In the blog:
This week from Dr. Fung: “Thin Women make more Money”
A landmark moment!
American Diabetes Association turns to low-carb
The American Diabetes Association has reached a consensus recommendation that, for those with prediabetes and type 2 diabetes (that’s one in three Americans), low carb is the best option for improving glucose control.
Check this post from Dr. Aseem Malhotra:
Supplementing with Potassium
Coach Rachel Primo outlines what you need to know!
We get a lot of questions about what vitamins people should take while fasting, especially when it comes to potassium.
Some people like to over-supplement, thinking that more of a good thing must be even better for you. However, in certain situations, this “more is good” theory can actually be dangerous to your health. You should always get lab tests done and speak to your primary care physician if you’re unsure of the potassium levels in your blood, and whether potassium supplementation is safe for you.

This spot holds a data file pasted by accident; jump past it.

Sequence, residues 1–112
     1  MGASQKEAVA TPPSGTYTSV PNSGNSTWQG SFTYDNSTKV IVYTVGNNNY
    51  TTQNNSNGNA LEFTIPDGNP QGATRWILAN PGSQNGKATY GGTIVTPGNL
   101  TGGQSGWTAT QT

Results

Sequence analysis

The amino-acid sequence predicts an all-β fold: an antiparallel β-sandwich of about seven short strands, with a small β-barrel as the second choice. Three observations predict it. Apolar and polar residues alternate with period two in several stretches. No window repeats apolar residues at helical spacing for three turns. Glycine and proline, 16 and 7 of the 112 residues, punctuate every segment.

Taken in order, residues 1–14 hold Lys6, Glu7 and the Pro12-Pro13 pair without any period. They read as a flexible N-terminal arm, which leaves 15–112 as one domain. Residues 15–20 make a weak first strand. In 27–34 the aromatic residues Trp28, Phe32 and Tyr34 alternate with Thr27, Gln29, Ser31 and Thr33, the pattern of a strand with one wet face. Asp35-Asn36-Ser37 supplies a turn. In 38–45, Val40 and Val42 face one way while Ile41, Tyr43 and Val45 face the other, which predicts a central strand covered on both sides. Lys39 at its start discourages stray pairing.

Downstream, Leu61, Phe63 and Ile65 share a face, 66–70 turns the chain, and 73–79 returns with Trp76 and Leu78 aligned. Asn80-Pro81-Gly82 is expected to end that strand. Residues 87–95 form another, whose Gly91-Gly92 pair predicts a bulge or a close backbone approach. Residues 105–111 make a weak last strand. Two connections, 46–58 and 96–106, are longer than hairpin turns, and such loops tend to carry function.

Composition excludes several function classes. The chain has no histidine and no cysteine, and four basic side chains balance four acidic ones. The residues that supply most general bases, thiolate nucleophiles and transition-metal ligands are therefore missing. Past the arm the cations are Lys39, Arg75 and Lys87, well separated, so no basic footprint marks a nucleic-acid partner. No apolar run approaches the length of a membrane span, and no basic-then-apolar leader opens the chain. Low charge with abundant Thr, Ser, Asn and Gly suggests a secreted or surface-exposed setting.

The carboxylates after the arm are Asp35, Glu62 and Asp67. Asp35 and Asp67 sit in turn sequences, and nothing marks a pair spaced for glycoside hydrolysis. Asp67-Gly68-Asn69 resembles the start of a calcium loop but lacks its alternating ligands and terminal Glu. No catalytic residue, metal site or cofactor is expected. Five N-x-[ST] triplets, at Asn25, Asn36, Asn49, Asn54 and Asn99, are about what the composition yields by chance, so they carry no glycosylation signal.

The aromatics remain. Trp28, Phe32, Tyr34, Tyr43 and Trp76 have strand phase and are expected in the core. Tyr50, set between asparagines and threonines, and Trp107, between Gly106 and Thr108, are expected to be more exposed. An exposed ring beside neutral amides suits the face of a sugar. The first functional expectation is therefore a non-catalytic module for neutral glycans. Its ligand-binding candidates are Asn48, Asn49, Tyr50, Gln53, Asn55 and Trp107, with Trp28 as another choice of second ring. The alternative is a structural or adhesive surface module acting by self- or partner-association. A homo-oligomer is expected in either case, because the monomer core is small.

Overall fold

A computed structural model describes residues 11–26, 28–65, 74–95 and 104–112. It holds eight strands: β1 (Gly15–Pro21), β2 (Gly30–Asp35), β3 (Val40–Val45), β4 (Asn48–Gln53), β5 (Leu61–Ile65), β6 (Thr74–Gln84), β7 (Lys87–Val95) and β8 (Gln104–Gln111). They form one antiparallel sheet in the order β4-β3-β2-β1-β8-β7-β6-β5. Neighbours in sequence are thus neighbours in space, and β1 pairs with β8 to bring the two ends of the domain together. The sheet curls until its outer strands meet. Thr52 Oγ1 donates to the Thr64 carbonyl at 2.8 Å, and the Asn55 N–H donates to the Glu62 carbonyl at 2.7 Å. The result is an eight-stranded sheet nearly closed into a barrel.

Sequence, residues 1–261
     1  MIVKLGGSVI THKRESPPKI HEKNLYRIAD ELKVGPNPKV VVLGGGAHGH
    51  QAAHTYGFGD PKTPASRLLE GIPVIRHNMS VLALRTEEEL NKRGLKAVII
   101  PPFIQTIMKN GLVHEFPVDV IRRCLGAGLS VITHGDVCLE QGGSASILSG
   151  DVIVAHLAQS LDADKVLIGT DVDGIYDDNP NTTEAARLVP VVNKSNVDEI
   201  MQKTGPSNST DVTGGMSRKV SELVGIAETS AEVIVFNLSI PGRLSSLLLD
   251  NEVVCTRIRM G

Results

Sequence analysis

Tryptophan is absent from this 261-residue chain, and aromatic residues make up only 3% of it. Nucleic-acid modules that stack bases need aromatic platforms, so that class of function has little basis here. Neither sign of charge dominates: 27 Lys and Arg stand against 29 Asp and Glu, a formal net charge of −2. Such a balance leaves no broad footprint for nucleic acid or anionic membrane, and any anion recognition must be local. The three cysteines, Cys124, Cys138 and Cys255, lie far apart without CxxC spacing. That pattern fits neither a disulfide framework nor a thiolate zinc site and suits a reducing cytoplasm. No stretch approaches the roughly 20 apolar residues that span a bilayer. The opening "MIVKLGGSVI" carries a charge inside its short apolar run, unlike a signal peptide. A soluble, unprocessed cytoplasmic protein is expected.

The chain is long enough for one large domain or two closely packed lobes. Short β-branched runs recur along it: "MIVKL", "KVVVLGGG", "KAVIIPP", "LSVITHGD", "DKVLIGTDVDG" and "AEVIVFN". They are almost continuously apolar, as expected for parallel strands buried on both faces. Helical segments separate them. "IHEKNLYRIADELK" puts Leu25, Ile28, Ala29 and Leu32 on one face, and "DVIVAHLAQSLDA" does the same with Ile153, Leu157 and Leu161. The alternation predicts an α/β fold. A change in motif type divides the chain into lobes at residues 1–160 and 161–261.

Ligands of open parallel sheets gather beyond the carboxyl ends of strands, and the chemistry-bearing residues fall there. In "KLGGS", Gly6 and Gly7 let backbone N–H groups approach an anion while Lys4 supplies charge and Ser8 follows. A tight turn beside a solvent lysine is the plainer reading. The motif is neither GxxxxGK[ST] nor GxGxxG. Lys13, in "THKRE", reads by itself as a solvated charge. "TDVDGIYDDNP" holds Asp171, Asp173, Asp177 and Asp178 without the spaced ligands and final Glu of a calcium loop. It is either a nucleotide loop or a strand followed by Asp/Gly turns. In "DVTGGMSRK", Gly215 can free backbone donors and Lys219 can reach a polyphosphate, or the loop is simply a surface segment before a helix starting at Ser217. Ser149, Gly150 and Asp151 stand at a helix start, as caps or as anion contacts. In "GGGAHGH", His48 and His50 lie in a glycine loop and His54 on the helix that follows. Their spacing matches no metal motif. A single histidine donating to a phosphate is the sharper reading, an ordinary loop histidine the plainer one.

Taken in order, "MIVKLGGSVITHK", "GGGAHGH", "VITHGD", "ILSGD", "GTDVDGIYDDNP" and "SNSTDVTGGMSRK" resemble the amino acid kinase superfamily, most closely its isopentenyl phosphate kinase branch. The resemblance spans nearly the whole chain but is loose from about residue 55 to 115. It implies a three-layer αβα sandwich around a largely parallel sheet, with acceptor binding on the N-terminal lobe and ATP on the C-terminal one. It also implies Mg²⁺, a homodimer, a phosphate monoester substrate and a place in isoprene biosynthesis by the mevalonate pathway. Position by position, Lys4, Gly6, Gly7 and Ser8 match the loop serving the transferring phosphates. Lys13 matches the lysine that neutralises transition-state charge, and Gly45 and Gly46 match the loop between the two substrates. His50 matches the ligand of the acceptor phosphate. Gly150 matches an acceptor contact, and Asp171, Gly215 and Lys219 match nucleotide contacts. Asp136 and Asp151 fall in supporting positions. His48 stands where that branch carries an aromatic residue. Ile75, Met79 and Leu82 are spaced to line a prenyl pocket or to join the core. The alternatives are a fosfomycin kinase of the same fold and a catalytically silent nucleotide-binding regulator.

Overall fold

One thing I saw quite often while working in a nephrology clinic over 12 years was that there are some conditions (such as kidney failure), which can cause hyperkalemia (too much potassium in the blood), because the kidneys are not working properly and cannot remove it from the body.
Certain medications can also cause hyperkalemia, such as blood pressure medications, anti-inflammatories, some chemotherapy drugs and blood thinners, to name just a few.
Symptoms of hyperkalemia include abnormal heart rhythm, slow heart rate, tingling, chest pain and weakness. If left untreated, it can cause heart failure and even death.
Due to these dangers, the IDM team does not instruct anyone to take any potassium supplements unless we’ve seen your lab results and know your prior history. Even then, you always need to make sure you check with your own physician and get regular lab work done.
So, get educated and speak with your physician to make sure that taking potassium supplementation is safe for you!
What’s the optimal fasting schedule?
Coach Nadia Pateguana recently tackled that in a members-only Q&A.